Bills dealing with toaster pastries and insurance policies are just two of more than a dozen gun-related measures lined up for the 2014 legislative session that starts Tuesday. As in previous years, many of them will go nowhere, especially if Marion Hammer, the National Rifle Association's powerful Florida lobbyist, doesn't like them.
But in an election year, whether the bills actually pass or not may not really matter to politicians looking to score points with voters.
"Certain legislators will file legislation they know will not pass because they will be able to demagogue during their campaigns and say, 'I filed it but couldn't get it passed.' This happens in every state in the union and on the federal level," said Hammer, a former national president of the gun-rights organization. "People use bills to accentuate their beliefs on certain issues. And those who want to be able to stand up and say, 'I support the Second Amendment, I support the rights of law-abiding gun owners,' are going to want to be able to vote on some pro-gun legislation and sometimes against anti-gun legislation."
A viewers’ guide to the 2014 Florida Legislature session posted on 3/3/14
by Steve Bousquet | Times/Herald Tallahassee Bureau
TALLAHASSEE -- The 2014 session of the Florida Legislature opens Tuesday with the usual upbeat tone, but it won’t last.
It can’t in an election year. Gov. Rick Scott wants to win a second term, Republicans want to help him and Democrats want to undermine the GOP’s agenda at every turn on education spending, school vouchers, Medicaid reform, a proposed pension plan overhaul and other issues.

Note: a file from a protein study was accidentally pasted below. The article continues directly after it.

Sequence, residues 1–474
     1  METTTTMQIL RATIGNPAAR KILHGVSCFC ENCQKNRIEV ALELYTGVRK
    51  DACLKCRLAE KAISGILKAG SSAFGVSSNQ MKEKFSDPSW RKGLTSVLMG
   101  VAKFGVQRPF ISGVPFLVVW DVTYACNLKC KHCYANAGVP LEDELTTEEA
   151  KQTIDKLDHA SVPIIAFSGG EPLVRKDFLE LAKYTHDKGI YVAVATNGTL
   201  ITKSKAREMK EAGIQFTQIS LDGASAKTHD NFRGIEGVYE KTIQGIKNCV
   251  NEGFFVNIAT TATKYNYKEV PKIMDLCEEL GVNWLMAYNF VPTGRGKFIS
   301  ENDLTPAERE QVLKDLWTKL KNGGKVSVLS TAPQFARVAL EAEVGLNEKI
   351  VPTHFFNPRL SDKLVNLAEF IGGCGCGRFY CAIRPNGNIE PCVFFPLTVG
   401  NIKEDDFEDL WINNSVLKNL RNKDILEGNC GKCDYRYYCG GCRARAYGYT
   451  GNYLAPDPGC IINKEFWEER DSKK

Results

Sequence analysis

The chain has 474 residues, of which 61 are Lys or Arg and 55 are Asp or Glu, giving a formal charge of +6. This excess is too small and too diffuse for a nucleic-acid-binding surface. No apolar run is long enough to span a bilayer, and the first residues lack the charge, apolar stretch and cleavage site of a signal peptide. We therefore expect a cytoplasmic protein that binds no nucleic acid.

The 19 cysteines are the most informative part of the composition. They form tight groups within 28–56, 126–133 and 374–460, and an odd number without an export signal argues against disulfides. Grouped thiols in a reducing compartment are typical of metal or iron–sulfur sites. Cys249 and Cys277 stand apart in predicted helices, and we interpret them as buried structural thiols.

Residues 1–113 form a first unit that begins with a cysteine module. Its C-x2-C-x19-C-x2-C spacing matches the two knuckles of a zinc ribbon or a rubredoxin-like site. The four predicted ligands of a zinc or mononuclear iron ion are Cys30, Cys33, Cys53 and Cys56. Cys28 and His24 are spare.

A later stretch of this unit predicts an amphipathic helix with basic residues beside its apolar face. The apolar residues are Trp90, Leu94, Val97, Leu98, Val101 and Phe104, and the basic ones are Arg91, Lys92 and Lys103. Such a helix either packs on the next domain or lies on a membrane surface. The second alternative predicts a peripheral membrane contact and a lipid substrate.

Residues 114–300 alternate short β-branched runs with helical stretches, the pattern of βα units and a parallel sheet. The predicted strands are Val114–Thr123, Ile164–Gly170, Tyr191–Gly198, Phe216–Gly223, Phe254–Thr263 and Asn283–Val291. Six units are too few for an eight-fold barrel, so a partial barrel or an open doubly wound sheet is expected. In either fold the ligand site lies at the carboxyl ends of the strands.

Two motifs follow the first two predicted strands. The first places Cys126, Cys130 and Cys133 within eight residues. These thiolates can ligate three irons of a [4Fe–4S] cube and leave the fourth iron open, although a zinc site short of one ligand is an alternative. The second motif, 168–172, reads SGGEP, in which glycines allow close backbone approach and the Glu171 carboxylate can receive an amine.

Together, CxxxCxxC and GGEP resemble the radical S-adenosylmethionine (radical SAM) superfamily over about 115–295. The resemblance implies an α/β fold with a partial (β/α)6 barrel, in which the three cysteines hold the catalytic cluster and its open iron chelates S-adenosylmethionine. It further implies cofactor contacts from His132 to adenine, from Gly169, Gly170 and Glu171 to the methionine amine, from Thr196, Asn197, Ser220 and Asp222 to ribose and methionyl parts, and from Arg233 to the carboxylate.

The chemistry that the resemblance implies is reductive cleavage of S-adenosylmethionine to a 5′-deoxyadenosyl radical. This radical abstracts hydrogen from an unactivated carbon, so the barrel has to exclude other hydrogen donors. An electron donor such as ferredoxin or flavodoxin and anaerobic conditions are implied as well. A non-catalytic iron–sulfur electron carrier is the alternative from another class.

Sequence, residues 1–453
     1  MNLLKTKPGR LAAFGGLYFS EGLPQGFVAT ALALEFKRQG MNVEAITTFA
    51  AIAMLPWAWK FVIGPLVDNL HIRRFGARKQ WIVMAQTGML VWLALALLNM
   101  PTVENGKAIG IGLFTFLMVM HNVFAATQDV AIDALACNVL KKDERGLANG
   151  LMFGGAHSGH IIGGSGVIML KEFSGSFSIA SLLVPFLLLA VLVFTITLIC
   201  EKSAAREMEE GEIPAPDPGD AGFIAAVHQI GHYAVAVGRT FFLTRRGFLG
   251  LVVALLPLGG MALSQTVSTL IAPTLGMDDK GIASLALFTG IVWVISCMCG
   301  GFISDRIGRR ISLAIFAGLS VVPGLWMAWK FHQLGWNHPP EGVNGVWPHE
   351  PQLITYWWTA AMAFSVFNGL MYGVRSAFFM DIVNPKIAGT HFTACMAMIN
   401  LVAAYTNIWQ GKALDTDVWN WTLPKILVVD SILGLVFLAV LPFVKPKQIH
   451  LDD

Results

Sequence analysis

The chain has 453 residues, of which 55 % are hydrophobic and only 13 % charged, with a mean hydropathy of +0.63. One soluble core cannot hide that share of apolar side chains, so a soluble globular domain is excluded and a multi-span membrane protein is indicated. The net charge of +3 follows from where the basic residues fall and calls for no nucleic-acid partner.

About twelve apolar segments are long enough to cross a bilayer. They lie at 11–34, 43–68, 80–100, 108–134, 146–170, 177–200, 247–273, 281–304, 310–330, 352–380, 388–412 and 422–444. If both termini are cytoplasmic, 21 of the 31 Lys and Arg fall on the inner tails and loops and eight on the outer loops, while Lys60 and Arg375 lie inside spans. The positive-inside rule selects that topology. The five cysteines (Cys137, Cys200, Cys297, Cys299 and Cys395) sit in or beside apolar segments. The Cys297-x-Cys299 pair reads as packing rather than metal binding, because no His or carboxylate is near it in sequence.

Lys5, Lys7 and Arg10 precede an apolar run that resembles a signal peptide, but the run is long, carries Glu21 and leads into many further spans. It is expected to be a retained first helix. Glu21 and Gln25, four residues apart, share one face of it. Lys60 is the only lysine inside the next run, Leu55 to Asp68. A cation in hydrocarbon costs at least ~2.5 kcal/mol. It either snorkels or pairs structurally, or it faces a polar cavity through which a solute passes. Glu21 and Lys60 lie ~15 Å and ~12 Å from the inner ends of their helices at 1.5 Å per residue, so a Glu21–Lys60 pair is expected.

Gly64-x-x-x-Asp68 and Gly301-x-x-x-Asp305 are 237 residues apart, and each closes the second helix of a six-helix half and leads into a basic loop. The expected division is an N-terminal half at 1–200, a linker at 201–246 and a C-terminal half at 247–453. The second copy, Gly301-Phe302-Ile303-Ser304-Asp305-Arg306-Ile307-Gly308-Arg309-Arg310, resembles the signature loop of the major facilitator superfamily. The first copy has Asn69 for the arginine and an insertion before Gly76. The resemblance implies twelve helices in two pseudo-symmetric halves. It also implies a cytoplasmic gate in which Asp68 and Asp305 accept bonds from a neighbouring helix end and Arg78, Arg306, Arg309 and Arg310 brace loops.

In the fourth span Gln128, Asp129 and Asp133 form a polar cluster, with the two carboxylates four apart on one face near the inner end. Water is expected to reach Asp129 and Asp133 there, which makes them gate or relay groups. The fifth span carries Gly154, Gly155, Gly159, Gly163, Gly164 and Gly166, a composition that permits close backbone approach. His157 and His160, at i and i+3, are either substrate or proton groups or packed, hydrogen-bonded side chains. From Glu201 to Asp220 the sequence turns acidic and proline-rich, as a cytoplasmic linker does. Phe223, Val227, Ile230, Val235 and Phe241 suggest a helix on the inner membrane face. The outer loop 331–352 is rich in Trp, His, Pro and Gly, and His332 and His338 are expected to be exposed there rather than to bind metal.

Senate President Don Gaetz, R-Niceville, and House Speaker Will Weatherford, R-Wesley Chapel, have proposed a bolder agenda than Scott, whose top priority is a package of tax and fee cuts totaling $500 million....
FIVE BILLS TO WATCH
Concealed weapons (SB 544, HB 523): Floridians could apply for concealed weapons permits at county tax collectors’ offices where they renew their vehicle tags to ease the growing backlog of applications, but it would cost more. Likely to pass.
Flood insurance (SB 542, HB 581): To address the crisis in flood insurance, private insurers would be encouraged to market policies to homeowners, but costs have not been fully addressed. Passage uncertain.
Speed limits (SB 392): Motorists on rural interstate highways where the speed limit is now 70 mph could go 75 mph. Passage uncertain.
State Farm seeking new homeowners' policies in Florida again posted on 2/28/14
by Gray Rohrer | Florida Current
Four years after State Farm stopped writing new homeowners' policies in Florida - after first threatening to quit the state altogether - the insurance giant has quietly begun to seek new business in the Sunshine State.
State Farm Florida is now writing new homeowners' and renters' policies throughout the state on a "limited basis".
"While we are limited in our ability to discuss specific details about future plans (due to constrictions of antitrust laws), we have shared business information with agents about State Farm Florida's efforts to expand our offering of new Homeowner (HO-W) and Renters (HO-4) policies on a limited basis," State Farm spokeswoman Michal Brower said.
The decision represents a significant shift in Florida's property insurance market. State Farm was the second-largest property insurer in the state when it threatened to leave in 2009, behind only state-run Citizens Property Insurance Corp.